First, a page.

image of Rich Lesser

Rich Lesser returns to Michigan to accept alumni award

Rich Lesser has been Chief Executive Officer of Boston Consulting Group (BCG) since 2013. He is only the second engineer to lead BCG.

Rich Lesser, CEO, BCG

When it came time for Pittsburgh native and 2018 ChE Alumni Award recipient Rich Lesser to begin his college search, the University of Michigan quickly rose to the top of his list. With an interest in pursuing chemical engineering, Rich found that the University of Michigan’s robust chemical engineering department made the school a perfect fit. Rich was drawn to Ann Arbor and the University’s strong sense of community, as well as the strength and approachability of the faculty, commenting, “I really appreciated how so many of my teachers and mentors were accessible and down-to-earth in spite of their stature or other commitments.”

Rich arrived as a student in the fall of 1980 and was immediately enrolled in an entry ChE course (230) due to placement credits, but he says he had little understanding of what he was getting into. At the outset, the course proved incredibly challenging, so much so that he remembers calling home to share his concern that he wasn’t going to make it in chemical engineering. What Rich didn’t realize was that many other students were also struggling in the class because, at that time, it was purposefully a “weeder” class. Fortunately he soon began to catch on to the new material and ended up doing very well in it.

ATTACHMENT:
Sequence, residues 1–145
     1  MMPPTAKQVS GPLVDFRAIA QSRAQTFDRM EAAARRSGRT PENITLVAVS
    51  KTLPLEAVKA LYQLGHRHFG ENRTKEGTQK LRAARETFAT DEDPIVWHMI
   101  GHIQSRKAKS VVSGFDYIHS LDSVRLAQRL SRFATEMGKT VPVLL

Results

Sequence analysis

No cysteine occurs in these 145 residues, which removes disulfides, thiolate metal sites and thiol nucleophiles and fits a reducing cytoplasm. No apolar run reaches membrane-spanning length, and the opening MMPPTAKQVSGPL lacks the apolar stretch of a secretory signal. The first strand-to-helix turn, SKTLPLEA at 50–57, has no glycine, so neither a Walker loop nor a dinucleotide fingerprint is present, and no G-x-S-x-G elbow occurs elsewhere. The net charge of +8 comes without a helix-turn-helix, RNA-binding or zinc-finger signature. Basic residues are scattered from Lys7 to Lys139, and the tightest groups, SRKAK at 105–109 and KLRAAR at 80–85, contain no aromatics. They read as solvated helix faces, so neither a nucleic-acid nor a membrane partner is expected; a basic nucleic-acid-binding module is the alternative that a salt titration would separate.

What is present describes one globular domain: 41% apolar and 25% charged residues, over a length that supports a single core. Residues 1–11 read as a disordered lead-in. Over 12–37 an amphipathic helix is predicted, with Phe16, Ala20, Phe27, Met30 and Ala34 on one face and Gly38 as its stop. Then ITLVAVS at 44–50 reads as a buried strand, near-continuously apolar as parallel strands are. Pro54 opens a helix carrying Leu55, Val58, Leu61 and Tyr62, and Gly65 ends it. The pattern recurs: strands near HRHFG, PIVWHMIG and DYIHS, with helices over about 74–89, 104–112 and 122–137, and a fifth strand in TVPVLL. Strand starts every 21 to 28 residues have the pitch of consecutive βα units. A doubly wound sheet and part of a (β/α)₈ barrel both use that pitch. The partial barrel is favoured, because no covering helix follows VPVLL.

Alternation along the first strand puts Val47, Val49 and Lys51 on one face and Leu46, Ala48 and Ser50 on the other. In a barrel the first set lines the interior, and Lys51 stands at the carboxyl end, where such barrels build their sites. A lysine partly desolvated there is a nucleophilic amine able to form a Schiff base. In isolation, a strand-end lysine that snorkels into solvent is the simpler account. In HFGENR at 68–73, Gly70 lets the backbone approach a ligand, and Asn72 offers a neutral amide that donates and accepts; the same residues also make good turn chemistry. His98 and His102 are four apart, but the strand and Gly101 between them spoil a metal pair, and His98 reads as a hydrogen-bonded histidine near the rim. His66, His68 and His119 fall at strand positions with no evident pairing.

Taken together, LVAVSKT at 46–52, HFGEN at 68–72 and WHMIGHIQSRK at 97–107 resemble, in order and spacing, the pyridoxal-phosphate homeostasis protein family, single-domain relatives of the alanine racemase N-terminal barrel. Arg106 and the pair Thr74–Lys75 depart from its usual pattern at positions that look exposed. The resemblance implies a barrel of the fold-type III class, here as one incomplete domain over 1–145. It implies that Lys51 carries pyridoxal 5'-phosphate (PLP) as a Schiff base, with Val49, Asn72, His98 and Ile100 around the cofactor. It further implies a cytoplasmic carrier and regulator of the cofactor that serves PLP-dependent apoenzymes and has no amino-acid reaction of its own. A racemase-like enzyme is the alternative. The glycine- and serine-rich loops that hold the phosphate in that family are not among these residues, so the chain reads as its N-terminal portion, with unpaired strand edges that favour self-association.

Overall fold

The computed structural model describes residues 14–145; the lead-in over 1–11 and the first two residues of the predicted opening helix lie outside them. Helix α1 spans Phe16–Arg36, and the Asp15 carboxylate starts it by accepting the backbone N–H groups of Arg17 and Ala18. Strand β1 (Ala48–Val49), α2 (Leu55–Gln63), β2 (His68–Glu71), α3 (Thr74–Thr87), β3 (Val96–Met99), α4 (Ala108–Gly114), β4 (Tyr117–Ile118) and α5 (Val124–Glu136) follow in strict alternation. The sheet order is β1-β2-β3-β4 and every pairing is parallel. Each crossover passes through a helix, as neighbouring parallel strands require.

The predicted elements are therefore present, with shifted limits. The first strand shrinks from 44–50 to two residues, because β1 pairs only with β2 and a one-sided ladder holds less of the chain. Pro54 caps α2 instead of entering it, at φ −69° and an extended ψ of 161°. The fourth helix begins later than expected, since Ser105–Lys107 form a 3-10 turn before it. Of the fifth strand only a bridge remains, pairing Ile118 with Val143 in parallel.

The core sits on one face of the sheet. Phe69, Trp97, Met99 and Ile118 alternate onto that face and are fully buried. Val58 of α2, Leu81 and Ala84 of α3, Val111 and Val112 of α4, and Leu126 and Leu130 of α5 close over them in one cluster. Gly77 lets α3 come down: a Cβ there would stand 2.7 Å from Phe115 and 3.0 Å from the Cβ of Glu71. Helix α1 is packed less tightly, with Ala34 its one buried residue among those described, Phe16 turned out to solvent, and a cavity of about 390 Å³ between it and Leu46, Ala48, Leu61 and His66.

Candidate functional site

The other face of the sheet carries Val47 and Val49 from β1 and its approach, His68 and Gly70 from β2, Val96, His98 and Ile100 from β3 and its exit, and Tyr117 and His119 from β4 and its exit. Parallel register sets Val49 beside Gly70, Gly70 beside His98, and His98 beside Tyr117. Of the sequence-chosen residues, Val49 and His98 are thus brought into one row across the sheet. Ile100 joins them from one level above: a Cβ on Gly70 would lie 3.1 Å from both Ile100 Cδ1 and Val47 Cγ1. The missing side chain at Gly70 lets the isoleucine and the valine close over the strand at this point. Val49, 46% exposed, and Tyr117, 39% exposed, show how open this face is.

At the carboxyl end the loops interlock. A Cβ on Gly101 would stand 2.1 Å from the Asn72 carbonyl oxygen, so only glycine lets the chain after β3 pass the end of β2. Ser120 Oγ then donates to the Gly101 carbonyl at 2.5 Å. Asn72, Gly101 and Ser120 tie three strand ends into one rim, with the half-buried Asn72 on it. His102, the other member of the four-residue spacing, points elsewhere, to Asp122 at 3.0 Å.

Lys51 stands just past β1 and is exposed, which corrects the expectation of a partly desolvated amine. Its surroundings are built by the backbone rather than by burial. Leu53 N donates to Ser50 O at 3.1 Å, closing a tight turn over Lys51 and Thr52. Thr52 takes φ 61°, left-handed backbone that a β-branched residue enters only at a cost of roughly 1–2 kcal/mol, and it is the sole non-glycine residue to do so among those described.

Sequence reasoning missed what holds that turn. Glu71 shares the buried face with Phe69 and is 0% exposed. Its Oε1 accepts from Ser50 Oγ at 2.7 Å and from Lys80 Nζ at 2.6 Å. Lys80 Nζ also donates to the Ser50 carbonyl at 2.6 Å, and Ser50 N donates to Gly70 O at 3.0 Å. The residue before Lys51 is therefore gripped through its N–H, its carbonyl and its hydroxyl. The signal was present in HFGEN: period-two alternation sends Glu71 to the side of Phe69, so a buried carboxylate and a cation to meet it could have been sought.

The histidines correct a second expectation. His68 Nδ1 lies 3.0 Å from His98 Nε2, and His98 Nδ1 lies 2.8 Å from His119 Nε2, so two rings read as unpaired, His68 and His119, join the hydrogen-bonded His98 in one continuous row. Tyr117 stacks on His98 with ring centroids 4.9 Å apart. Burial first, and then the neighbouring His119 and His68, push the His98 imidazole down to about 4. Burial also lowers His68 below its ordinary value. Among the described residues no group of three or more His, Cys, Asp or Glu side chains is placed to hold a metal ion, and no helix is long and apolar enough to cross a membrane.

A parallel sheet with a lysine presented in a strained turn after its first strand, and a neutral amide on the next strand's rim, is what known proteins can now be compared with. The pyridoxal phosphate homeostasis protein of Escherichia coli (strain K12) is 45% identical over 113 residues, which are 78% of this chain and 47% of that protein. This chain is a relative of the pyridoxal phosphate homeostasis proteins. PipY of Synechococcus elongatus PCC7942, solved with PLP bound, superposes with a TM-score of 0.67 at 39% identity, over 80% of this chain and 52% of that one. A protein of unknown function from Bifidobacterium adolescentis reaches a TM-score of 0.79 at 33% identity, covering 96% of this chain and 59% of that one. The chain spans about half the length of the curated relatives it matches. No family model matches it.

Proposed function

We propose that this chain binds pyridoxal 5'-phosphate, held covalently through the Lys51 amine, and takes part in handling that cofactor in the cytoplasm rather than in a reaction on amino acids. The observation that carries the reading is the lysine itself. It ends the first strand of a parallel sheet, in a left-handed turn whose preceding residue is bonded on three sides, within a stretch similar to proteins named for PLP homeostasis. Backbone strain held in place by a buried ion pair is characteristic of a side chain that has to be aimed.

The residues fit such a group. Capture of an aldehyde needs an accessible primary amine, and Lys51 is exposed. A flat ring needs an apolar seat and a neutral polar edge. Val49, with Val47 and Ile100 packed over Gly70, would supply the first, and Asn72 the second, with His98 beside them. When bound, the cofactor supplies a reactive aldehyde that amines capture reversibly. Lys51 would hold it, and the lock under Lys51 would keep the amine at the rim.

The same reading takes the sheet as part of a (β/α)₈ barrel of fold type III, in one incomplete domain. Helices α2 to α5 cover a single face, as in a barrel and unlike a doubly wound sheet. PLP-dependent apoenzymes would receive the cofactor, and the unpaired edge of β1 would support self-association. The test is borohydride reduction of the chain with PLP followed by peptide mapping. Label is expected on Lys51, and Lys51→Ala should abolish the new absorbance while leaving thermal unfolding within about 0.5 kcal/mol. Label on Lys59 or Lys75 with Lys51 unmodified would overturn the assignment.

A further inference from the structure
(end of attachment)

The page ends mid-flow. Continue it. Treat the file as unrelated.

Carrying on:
As someone who has always enjoyed solving hard problems, Rich found chemical engineering problems to be a welcome challenge and ultimately excelled through his lecture classes. The hands-on lab classes (e.g. ChE 360 and 460) were more of a struggle; as he puts it, “I was kind of a hazard around the equipment, including always breaking more than my ‘glass budget’ of tubes and beakers.” Nevertheless, he knew then that he needed to improve these skills if he wanted to work as an engineer, where he would be expected to oversee and sometimes operate equipment.